For years, the Bellagio was the place to be. At one time they had daily $500 tournaments and a $1,000 on Friday. They have scaled that back. They now have a daily $125 tournament at 5 pm, which is still very good (unfortunately the show ends at 5 pm so I never get to play them). The Wynn also has some nice tournaments from $125-$225 buy-ins.

For late-night tourneys, it depends on which end of the strip you are on. If you are on the MGM side, then you have lots of options. The MGM has two tourneys a night with good structure. Excalibur has an underrated tournament. Mandalay Bay has a 10 pm $65 buy-in that usually only draws 10-12 players so it is essentially a sit 'n' go (and easy money).

On the other side of the strip, Venetian has two poker tournaments daily at noon and 7 pm with buy-ins ranging from $125-$300.

Usually I will bounce between MGM, Mandalay and Excalibur when on that side of the strip and Venetian on the other. Golden Nugget has a nice room, as does Aria, but I have rarely stayed either place.

Good luck on your next trip.

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A WEEKLY REVIEW OF CRENNEL'S COACHING

Now my job: Texans feast on Lions

Photo by Getty Images.

Thanksgiving is full of tradition. There's the typical family gathering, large meal, and of course, football. Sometimes, new traditions are added and old ones are retired. I think the Texans did both in their impressive 41-25 win over the Lions in Detroit. Old traditions were carried on (Lions losing on Thanksgiving), some were put to rest (Texans not being able to get turnovers), and new ones were started (multiple passing touchdowns by Deshaun Watson in six straight games).

The fact that this defense got three turnovers in the game was unbelievable! They got all three in the first quarter within the span of eight plays. JJ Watt's pick-six was insane. He went for a batted ball, ended up catching it, and ran it in. They forced Jonathan Williams to fumble on the Lions' very next play from scrimmage and recovered it. On the Lions' next possession, the Texans recovered yet another fumble after the challenge was reversed. Great call by the coaching staff to challenge and win. The defense looked good. Tyrell Adams stood out because he was in on those two fumbles, made 17 total tackles with 14 of them being solo tackles. They also brought pressure that seemed to make Matthew Stafford very inaccurate and resulted in four sacks. I give defensive coordinator Anthony Weaver credit for knowing he needs to blitz to get pressure, but the run defense has to improve.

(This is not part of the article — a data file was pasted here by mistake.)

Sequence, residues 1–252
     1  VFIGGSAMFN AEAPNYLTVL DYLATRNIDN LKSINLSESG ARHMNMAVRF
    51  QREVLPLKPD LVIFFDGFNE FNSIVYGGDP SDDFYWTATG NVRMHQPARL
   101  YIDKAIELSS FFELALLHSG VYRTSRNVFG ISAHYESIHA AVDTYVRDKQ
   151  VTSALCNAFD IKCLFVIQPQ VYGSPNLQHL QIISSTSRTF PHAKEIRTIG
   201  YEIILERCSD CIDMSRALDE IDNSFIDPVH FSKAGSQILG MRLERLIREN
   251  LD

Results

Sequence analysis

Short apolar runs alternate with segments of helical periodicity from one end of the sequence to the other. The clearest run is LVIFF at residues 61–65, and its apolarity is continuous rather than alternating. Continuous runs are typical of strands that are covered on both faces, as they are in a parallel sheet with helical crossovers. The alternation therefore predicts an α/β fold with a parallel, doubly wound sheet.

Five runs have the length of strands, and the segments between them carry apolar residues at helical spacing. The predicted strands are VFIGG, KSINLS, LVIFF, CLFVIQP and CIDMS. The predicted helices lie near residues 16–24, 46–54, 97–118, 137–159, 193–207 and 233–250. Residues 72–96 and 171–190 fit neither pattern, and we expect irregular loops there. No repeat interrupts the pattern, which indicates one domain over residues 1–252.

The offense kept the tempo up in this game as well. The spread and hurry-up were used to keep the Lions already staggered defense off balance. Knowing the Lions were without a couple defensive backs, I thought it would be the perfect marriage of their defense and the Texans' offense. A buddy asked before the game about the line (Texans -3.5) and the over/under (52.5). I told him bet the Texans and the over because neither team can play defense and both have good quarterbacks. Offensive coordinator Tim Kelly put together another good game plan and Watson executed it flawlessly. One route combo I saw later on in the game I particularly enjoyed. Two receivers were tight to the left side. Cooks ran a hook/curl and settled in the middle of the zone while Fuller ran a vertical route. Duke Johnson ran a swing route to that same side. It left Cooks wide open as the attention went to Johnson in the flat, Fuller deep, and the action to the other play side. Route combos are important because it gives the quarterback different reads as he goes through his progressions and lets him pick apart the defense based on what he sees. Combine that with Watson's play and the way Kelly has changed his play calling now that he's liberated from he who shall not be named, we're seeing a beautiful thing.

As good as things were, there's still room for improvement. The defense gives up way too many easy yards, both run and pass. They can't get pressure bringing only four and will often give up big plays if the blitz is picked up. Plus the run defense is still an issue as evidenced by the Lions' first possession of the second half. The Lions ran the ball 10 plays straight for a total of 58 yards on that drive. Utterly ridiculous! Watson was good (17/25 318 yards and four touchdowns), but he missed two more touchdowns with passes slightly off, and continues to hold onto the ball too long at times. The difference between these two issues I've presented here is the fact that Watson has so played well, his "issues" are minor and very correctable, while the defense is terrible and there's no easy fix in sight. But let Romeo Crennel and Anthony Weaver tell it, they're getting the most out of these guys and they're playing disciplined.

The thought that this team may actually creep into the playoff picture may take shape better after next week if they can beat the Colts. I doubt it, but it is getting interesting. Let's see what else happens around them because they need help getting there.